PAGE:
The privatization of CN should be seen as an opportunity to privatize, expand markets, modernize, increase exports and imports through the port of Churchill. This will take more than just the privatization of CN. It would take the cooperation and likely the privatization of both VIA Rail and Ports Canada at Churchill. It will take the cooperation of the federal government, the government of the province of Manitoba, the cooperation and support of every community and producer whose future will be improved by taking advantage of the most cost effective shipping route for bulk commodities to our customers in Europe, Africa, and South America.
I respectfully ask the government not to look at the Churchill line and the port of Churchill as a liability but as an opportunity requiring creative thinking and a cooperative and creative privatization strategy. I have worked on this quite a bit, and that is why I say one government department must work together with the other one.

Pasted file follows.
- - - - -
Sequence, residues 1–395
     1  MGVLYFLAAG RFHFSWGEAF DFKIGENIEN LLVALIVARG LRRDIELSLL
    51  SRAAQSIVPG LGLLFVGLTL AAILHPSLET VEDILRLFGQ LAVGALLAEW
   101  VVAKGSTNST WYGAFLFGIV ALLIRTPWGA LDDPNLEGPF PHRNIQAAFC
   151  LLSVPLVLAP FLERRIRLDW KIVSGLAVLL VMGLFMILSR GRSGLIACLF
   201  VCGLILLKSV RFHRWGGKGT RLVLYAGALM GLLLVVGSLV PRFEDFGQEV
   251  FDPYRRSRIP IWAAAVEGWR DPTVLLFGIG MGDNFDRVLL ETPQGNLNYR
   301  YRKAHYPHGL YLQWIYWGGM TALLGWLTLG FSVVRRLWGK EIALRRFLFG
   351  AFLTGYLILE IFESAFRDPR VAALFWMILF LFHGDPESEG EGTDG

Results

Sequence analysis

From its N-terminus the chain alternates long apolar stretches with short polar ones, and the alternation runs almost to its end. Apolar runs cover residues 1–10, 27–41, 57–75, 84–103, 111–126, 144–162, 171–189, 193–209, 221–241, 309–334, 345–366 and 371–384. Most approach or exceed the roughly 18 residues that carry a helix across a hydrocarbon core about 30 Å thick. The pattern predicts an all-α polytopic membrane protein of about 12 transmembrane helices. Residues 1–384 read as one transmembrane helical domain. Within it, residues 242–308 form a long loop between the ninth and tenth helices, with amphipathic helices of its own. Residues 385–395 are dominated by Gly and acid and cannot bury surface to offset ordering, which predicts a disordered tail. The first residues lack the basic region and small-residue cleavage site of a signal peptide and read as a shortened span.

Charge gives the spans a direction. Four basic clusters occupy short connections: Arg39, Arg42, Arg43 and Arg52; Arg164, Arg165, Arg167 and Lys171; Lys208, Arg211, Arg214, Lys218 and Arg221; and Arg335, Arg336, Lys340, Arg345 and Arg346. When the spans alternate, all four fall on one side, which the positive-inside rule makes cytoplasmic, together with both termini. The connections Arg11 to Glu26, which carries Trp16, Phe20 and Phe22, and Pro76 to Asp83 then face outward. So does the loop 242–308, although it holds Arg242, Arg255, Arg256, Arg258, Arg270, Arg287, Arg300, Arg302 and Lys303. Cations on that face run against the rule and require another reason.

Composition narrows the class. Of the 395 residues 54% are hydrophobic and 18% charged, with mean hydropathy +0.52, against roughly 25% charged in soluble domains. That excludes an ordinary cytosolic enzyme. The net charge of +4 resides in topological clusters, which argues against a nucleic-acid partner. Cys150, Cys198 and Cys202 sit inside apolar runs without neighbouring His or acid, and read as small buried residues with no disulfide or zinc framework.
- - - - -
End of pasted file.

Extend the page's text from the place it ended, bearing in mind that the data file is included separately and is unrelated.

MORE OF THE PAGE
One of the main obstacles to making the Hudson Bay route and the port of Churchill viable is the Canadian Wheat Board. Unless the Canadian Wheat Board becomes more open and accountable to grain producers, prairie producers will continue to be routed through costly eastern ports.
Yoy cannot just look at the railroad in isolation. You have to see how it all connects. Why is it that we have this problem? Because the railroads and eastern interests benefit in having the grain go through the traditional route rather than through the port of Churchill.
Farmers are asking important questions that will not be answered until the process of grain sales in routing is opened up.